What’s more important than speed for SEO? Writing good post titles!

WordPress Mobile Speed

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Please remember relevant content is number one for SEO. Speed affects User Experience (UX). Good UX then influences metrics like dwell time, bounce rate, and click through. Google interprets those as user intent.

User intent is a major factor in search engine optimization and conversion optimization.

Speed affects page ranking less than 1 percent. But everyone hates a slow page. That’s not being hospitable or polite.

Speed is about kindness!

Common-sense tip number one: Good Titles.

Writing good titles for your WordPress posts should be obvious. But we’re always stunned at how many sites don’t use this simple tactic to improve Search Engine Optimization (SEO) and click through.

Page title is important. People choose to click your listing on the Search Engine Results Page (SERP) instead of nine other competitive page titles. A title arouses human curiosity. If it doesn’t, it’s a loser. The WordPress permalink is written for machines (search). It doesn’t need to match. Title is an important controllable indicator of relevant content in the search listings. This affects findability, too.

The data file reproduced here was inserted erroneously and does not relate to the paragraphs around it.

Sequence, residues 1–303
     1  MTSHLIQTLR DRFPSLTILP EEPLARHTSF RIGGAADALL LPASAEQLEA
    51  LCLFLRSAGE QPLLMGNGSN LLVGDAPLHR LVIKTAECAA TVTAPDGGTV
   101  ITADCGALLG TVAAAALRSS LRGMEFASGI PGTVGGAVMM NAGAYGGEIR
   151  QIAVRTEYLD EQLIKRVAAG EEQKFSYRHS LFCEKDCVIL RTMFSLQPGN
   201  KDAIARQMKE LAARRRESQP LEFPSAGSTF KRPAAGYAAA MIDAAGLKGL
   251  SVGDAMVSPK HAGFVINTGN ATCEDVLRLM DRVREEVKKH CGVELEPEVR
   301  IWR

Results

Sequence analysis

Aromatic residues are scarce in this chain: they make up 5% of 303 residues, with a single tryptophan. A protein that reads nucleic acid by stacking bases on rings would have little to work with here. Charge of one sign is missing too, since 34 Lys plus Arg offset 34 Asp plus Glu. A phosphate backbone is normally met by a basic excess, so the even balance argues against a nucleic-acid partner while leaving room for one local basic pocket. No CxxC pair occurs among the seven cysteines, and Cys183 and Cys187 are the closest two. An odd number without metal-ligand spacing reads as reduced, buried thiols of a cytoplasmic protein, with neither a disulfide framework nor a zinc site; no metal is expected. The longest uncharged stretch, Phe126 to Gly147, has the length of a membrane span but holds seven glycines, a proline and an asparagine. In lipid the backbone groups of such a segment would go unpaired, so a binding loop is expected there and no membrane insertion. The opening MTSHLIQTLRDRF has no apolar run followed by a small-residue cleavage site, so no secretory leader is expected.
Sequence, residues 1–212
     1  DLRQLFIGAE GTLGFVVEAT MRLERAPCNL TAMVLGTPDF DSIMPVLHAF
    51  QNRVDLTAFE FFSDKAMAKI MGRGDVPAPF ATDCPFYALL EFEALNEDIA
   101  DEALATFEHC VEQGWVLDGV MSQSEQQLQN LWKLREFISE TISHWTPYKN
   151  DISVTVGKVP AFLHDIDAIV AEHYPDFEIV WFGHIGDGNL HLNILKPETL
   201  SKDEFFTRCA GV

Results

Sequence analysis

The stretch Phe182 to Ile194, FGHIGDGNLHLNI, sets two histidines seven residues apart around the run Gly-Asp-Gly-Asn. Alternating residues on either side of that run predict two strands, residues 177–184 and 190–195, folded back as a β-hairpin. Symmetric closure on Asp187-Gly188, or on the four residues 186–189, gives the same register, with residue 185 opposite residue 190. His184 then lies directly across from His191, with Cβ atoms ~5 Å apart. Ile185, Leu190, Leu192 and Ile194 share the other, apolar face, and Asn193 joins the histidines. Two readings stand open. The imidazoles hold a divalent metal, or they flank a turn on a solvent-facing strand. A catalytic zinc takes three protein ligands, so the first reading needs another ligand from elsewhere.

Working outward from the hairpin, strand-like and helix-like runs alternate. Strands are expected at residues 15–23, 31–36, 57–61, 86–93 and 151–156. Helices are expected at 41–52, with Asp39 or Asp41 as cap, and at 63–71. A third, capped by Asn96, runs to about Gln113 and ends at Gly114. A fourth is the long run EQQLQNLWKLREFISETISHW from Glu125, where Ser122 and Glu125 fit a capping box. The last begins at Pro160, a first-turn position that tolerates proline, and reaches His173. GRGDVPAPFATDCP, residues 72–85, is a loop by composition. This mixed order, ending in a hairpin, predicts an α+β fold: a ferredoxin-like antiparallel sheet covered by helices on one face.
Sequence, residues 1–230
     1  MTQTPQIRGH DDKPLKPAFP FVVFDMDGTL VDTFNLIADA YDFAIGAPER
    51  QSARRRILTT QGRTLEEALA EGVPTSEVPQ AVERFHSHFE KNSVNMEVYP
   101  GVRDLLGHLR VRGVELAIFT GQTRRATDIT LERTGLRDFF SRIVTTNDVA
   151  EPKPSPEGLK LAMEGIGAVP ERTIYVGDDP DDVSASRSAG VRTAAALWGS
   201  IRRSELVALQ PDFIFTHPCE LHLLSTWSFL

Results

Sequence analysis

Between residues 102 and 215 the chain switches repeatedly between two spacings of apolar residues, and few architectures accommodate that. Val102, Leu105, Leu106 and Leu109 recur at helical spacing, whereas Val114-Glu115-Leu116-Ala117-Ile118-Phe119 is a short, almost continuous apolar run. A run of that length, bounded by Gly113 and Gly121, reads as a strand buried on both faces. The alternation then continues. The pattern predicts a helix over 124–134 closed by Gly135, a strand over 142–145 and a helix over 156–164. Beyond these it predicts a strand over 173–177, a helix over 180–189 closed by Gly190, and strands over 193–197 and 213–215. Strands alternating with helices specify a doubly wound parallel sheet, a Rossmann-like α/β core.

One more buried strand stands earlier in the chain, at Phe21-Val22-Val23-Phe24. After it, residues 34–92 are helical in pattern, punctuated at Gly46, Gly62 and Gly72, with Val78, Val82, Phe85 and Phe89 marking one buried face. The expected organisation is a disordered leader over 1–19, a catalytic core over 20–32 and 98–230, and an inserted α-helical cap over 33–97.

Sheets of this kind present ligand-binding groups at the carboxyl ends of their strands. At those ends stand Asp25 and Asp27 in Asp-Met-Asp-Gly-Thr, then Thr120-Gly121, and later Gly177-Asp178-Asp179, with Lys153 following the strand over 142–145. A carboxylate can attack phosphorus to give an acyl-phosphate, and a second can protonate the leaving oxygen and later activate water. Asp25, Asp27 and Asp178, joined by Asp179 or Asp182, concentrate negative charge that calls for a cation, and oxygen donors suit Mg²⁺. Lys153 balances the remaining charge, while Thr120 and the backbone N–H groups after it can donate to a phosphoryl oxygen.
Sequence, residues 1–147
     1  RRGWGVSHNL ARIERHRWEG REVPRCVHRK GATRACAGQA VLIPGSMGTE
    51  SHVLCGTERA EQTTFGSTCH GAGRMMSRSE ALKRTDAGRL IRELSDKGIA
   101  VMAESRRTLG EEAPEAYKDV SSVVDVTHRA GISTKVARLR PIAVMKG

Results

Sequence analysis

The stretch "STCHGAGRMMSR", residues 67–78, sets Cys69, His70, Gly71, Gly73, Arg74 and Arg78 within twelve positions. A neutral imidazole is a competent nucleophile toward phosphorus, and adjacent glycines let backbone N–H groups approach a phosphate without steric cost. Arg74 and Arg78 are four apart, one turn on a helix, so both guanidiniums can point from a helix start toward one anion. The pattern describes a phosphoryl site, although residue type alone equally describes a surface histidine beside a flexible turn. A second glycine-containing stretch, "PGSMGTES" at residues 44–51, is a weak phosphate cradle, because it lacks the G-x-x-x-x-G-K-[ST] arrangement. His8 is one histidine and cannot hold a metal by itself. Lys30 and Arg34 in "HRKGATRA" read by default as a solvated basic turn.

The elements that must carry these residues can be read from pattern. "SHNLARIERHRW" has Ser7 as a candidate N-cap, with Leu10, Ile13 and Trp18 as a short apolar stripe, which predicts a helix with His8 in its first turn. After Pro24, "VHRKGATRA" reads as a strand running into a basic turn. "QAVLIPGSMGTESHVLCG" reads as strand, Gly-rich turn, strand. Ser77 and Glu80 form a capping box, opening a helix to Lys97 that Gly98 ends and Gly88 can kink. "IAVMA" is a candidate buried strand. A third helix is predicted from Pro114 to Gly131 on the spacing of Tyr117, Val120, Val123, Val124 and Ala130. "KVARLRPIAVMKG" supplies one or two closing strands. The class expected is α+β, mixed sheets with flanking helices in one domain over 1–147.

People read your article based on it’s title.

A good title reads like a headline. A plugin we used for a year is a good teacher for writing better titles. Title Experiments is a free plugin available in the WordPress plugin repository. The plugin allows you to test multiple title variations for any post or page.

★★★★★

WP Title Experiments Free

Load Time: unknown

Title Experiments relies on the old classic WordPress editor. It won’t be updated to support Gutenberg block editor added in WP 5.x. This is the author’s excuse to ditch the paid plugin. It’s plain he’s disappointed by the lack of plugin income. No enthusiasm to go on.

Our workaround is simple. Use the Classic Editor Plugin with the Classic Editor Addon. So even if your core version is 5.0+ and your running PHP 7.x, things still work.

Title Experiments is a helpful plugin. We learned a lot about what titles work and what doesn’t for user engagement. But the heavy plugin was a top contributors to site drag. So we removed it after our education on writing better headlines (page titles).

Title Experiments relies heavily on the old editor of WordPress and will not be updated to support Gutenberg (WPv5.0+).